Arm Crunch

Mwelp. It happened. Lincoln went almost four years without an Emergency Room visit. Almost. He fell on his arm Friday night, he cried and we consoled him, but also told him to walk it off. After snapping pictures of one of the bridal bouquets from this weekend, I gave him his bath and he couldn’t put his arm into his shirt. I called the 24 hour pager hotline of our pediatrician (which I’m pretty sure was solely set up for first time parents) and the Dr. said if he were her child, she’d taken him in to be x-rayed. Of course, this is all occurred after Prompt Care was closed. We took him to ER, they told us he was fine, no breaks and sent us home. Fast forward to today….we receive a call from the ER charge nurse. An Orthopedic Dr. had taken a look at his x-rays, he does indeed have a small fracture. We drive back into town to get an arm sling, which is a hilarious suggestion that a three year …

Micro Greens at Finding Eminence

One of our most exciting new ventures on the farm this year has been growing micro greens. As we continue to try to identify and establish markets for our micros, we’ve found that quite a bit of education of consumers is needed.   So here’s the deal with micro greens.   Micro greens are immature versions of the fully grown plant. Most of our micro greens are harvested within two weeks of being planted. Most are still in what is called the “cotyledon” stage, which means that the plant hasn’t even gotten its first “true leaves.” These little beauties are jam-packed with flavor, and perhaps more importantly, all the nutrition in that seed that was intended to help the plant fully grow. Studies have shown that micro greens are loaded with nutrients, such as vitamins C, E, and K, lutein, and beta-carotene, 40 times that of the mature leaves of the same plants. At this moment, we are growing a “mild micro mix,” which is a mix of all sorts of vegetables like kale, cabbage, broccoli, …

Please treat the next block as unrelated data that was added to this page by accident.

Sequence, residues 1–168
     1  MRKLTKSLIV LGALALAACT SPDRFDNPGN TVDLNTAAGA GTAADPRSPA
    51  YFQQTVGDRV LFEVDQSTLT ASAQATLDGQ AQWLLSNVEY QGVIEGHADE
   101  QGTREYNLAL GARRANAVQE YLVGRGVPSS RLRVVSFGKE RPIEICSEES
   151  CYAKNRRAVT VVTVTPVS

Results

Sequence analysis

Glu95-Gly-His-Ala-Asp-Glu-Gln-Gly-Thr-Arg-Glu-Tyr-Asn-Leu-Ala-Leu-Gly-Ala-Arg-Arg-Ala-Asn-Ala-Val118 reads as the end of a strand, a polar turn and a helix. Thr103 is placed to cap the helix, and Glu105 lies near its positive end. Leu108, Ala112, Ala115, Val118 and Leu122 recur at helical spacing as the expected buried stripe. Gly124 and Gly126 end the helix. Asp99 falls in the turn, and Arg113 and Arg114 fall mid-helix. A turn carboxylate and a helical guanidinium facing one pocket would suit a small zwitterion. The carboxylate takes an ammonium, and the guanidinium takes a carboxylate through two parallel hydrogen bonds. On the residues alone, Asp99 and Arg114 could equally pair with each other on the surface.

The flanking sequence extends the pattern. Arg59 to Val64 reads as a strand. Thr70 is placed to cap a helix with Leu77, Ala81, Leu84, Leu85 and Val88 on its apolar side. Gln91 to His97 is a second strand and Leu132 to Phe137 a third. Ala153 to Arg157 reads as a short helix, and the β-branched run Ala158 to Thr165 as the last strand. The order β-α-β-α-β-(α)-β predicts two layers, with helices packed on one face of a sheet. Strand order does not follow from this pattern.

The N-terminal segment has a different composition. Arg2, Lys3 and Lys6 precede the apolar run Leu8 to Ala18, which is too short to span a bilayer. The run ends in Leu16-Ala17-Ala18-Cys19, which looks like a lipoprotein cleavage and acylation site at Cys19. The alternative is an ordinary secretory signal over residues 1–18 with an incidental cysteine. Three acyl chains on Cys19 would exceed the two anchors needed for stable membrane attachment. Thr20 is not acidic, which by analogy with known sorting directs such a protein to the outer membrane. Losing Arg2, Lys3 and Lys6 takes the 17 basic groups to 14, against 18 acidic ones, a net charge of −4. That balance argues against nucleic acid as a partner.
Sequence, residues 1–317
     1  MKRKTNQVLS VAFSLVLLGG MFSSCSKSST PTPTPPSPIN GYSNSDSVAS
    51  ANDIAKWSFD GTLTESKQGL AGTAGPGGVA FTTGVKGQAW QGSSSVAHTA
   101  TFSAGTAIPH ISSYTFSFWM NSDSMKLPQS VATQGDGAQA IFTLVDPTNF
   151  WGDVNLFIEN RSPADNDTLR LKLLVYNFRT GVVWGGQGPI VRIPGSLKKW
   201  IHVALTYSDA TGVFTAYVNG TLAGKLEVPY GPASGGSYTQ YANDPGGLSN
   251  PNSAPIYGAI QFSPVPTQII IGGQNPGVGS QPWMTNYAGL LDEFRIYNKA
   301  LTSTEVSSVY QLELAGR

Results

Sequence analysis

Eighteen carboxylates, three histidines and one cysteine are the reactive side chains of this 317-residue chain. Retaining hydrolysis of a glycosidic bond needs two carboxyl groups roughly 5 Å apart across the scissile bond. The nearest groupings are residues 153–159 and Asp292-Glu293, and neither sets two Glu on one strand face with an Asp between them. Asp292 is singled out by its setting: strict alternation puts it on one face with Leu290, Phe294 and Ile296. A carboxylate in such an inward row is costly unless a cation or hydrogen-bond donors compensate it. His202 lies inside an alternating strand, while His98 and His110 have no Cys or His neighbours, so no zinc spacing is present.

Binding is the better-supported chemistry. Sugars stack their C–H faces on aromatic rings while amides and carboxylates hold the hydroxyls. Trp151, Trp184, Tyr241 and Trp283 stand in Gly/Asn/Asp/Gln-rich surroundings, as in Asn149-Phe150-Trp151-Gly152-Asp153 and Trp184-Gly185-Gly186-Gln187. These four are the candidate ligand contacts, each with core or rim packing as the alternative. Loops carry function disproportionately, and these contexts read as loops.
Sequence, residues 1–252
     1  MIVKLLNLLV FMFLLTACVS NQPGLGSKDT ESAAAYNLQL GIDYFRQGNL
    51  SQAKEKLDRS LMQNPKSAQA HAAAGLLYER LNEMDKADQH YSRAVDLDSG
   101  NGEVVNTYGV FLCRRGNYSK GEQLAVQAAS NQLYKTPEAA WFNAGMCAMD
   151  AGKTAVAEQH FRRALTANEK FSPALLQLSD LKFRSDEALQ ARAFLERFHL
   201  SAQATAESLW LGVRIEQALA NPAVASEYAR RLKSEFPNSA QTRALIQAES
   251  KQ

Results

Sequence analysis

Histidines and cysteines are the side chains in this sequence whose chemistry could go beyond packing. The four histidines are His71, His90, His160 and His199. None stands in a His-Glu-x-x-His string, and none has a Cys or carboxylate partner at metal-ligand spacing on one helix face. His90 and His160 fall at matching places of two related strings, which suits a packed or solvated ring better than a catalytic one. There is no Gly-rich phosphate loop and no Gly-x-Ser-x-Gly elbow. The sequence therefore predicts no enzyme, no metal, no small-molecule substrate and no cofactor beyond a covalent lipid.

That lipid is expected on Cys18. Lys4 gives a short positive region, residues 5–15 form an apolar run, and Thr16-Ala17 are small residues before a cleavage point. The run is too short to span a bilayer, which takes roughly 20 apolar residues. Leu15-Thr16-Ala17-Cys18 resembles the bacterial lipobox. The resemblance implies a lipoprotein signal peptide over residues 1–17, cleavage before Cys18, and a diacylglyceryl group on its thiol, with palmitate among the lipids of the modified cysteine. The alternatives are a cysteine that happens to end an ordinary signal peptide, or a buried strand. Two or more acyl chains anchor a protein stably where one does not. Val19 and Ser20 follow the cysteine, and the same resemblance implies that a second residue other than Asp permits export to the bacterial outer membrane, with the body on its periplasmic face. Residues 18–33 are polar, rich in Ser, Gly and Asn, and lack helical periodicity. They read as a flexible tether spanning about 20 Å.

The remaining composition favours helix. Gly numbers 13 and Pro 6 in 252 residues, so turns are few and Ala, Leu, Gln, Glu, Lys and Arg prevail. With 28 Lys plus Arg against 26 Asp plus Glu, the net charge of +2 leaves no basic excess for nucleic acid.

The Little Church on the Prairie

**Edited 7/4/17** I received an email from the family that helps to maintain this church and property and would like to apologize. I originally called this church abandoned, which wasn’t fair. While services are not held regularly at this church, it still remains a staple of the community and many people have helped to maintain it, including raising the funds needed for a new roof. We very much understand how hard work and determination are key elements in keeping something special. Calling it abandoned on my part undermined the progress of many people. Just because I didn’t see people in the church, doesn’t mean it’s abandoned.** Tucked in the corn and soybeans is an 150 year old church that sits on the prairie of central Illinois. This church is where Arden and Josh decided to exchange their vows. Sara Gardner Photography joined us and captured what it takes to make something sacred look overgrown and loved. The flower installation for this church is one of the most magical things we have been trusted to do. …

Slacking Off

How do you run a small farm and have sanity at the end of the day to be a good family unit? I’m not really sure, we’re very much running this show with a “fly-by-the-seat-of-your-pants” mentality. We don’t have it all figured out, I’m not sure we really want to have it all figured out. And quite frankly as grey hairs keep creeping onto my head I’m pretty sure NO ONE has it all figured out. But we’re slowly learning how to make this farm work for us instead of us constantly working for this farm. I can’t stop thinking about this article I read a few weeks ago called “Darwin was a Slacker and You Should be Too”. To save you the time of reading the article heres what it’s about: Charles Dickens, Henri Poincaré, and Ingmar Bergman showed an almost superhuman ability to focus on their work This superhuman ability comes from only focusing on something for four to five hours a day and napping, walking, and resting your brain for the rest …